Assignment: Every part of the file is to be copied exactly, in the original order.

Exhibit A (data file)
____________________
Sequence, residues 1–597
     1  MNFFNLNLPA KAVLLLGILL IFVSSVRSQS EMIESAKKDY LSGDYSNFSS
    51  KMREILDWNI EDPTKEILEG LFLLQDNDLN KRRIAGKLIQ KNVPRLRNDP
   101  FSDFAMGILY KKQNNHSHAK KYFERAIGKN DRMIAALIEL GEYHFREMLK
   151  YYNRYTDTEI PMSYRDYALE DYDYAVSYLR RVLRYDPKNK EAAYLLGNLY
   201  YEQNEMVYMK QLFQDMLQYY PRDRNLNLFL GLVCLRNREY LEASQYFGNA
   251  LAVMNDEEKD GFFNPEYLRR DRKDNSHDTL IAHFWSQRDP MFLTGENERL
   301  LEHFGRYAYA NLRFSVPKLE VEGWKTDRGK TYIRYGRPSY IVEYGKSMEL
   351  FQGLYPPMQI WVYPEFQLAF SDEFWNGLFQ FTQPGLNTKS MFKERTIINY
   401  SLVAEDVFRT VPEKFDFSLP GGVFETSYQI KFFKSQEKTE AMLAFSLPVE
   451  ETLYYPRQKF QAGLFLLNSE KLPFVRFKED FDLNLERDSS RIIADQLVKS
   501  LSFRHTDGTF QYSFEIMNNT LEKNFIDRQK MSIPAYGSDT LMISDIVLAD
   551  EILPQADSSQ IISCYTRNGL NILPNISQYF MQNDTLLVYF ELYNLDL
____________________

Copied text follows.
Sequence, residues 1–597
     1  MNFFNLNLPA KAVLLLGILL IFVSSVRSQS EMIESAKKDY LSGDYSNFSS
    51  KMREILDWNI EDPTKEILEG LFLLQDNDLN KRRIAGKLIQ KNVPRLRNDP
   101  FSDFAMGILY KKQNNHSHAK KYFERAIGKN DRMIAALIEL GEYHFREMLK
   151  YYNRYTDTEI PMSYRDYALE DYDYAVSYLR RVLRYDPKNK EAAYLLGNLY
   201  YEQNEMVYMK QLFQDMLQYY PRDRNLNLFL GLVCLRNREY LEASQYFGNA
   251  LAVMNDEEKD GFFNPEYLRR DRKDNSHDTL IAHFWSQRDP MFLTGENERL
   301  LEHFGRYAYA NLRFSVPKLE VEGWKTDRGK TYIRYGRPSY IVEYGKSMEL
   351  FQGLYPPMQI WVYPEFQLAF SDEFWNGLFQ FTQPGLNTKS MFKERTIINY
   401  SLVAEDVFRT VPEKFDFSLP GGVFETSYQI KFFKSQEKTE AMLAFSLPVE
   451  ETLYYPRQKF QAGLFLLNSE KLPFVRFKED FDLNLERDSS RIIADQLVKS
   501  LSFRHTDGTF QYSFEIMNNT LEKNFIDRQK MSIPAYGSDT LMISDIVLAD
   551  EILPQADSSQ IISCYTRNGL NILPNISQYF MQNDTLLVYF ELYNLDL